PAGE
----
The Chinese government’s plans for mass surveillance using facial recognition have received a boost from one of the country’s tech powerhouses, after Alibaba led a $600m investment in SenseTime, which develops technology for tracking individuals.
The company is working on facial and object recognition technology that accurately can spot people using cameras, recently demonstrated on CCTV in Beijing.
Honda is using SenseTime for its driverless car research and development and it is also being used at shopping counters that allows customers to check-out using their faces.
SenseTime already smashed the record for AI funding, beating British competitor DeepMind which was bought by Google for an estimated £400m in 2014, and in 2017 received $410million in its second round of funding.
The company did not disclose its value but Reuters reported that insiders estimated the company could be worth $4.5bn.
US university Massachusetts Institute for Technology is working with SenseTime for its research into “human and machine intelligence”. It is already working with 40 local governments in China which use its CCTV recognition, helping spot people of interest during festivals and in airports.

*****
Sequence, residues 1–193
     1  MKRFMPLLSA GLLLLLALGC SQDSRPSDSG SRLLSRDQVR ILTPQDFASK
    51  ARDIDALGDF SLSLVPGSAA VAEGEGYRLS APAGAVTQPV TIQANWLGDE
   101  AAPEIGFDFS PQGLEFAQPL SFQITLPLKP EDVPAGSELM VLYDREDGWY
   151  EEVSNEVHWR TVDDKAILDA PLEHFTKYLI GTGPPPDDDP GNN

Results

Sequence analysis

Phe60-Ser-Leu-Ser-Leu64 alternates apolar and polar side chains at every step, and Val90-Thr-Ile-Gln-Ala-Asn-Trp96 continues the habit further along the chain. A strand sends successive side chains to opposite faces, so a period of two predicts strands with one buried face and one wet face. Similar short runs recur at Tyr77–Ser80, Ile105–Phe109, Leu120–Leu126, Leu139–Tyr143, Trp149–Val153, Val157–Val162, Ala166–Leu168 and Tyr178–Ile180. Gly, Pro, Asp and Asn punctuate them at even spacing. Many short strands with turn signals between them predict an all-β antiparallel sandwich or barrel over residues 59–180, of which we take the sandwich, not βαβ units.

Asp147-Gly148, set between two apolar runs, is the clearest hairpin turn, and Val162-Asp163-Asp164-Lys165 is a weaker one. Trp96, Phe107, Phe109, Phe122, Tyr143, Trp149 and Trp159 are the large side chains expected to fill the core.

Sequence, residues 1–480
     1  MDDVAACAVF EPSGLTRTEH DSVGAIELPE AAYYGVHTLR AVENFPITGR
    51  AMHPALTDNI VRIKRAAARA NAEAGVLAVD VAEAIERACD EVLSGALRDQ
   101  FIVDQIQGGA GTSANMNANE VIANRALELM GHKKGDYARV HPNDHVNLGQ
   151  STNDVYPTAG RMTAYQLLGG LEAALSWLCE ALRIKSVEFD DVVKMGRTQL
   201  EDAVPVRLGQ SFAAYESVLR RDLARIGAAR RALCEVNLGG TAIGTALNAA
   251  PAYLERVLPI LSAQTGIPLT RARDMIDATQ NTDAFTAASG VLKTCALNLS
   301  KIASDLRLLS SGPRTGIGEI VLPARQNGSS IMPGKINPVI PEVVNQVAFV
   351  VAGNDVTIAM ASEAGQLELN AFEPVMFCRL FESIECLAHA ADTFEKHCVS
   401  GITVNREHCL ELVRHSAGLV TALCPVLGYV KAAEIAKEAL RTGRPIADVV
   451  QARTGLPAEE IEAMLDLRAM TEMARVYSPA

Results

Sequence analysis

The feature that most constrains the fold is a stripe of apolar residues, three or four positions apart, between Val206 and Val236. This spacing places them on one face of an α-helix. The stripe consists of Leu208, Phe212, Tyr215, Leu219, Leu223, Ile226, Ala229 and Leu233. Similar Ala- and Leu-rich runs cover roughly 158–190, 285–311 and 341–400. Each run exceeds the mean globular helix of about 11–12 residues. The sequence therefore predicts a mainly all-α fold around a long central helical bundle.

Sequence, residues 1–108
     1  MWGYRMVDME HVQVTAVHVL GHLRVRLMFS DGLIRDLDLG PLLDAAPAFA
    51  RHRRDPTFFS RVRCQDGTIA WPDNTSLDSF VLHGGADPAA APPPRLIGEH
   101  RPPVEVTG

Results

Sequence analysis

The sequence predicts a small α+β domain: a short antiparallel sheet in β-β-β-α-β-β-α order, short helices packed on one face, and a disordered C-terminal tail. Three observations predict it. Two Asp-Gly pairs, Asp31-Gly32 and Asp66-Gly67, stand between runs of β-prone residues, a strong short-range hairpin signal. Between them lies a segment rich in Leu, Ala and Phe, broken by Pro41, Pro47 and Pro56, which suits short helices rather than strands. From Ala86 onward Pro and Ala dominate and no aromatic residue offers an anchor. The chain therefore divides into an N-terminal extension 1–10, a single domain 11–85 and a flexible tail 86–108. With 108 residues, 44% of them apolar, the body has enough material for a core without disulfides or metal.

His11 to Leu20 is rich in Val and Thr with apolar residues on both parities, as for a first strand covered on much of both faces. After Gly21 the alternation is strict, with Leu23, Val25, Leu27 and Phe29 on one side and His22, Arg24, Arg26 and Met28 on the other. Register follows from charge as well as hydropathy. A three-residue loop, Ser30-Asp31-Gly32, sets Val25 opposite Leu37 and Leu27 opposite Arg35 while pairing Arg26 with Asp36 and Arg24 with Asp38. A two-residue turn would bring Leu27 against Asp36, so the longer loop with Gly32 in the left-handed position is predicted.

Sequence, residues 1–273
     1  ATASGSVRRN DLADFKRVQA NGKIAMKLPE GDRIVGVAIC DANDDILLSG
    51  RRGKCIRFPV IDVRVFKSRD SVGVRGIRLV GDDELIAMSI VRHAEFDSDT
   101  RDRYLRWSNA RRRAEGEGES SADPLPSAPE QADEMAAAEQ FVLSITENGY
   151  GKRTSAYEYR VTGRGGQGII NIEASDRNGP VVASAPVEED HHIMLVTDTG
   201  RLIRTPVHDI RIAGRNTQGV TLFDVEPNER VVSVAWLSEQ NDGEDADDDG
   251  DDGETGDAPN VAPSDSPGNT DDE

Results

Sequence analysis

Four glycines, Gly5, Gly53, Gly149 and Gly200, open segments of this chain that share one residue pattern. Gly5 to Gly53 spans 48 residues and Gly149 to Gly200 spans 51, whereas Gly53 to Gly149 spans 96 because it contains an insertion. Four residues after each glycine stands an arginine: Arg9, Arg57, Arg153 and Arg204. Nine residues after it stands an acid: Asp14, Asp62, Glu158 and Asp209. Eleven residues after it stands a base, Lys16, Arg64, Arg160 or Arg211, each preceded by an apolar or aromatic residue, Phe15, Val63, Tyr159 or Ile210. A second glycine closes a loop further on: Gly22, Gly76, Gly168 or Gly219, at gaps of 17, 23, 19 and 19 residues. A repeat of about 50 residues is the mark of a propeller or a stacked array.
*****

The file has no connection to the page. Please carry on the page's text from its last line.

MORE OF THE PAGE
SenseTime is partly funded by Qualcomm, a chip-company that US president Donald Trump blocked from what would have been one of the biggest technology mergers in history. Mr Trump quashed Qualcomm’s planned purchase of another American chipmaker over concerns it would risk national security.
The partnership would allow Qualcomm to use SenseTime’s algorithms in smartphones or devices using its chips.
China is hoping to become the international leader in AI, and industry which it hopes will be worth $63.3bn by 2025. It is already using facial recognition at borders to detect registration plates and drivers’ faces.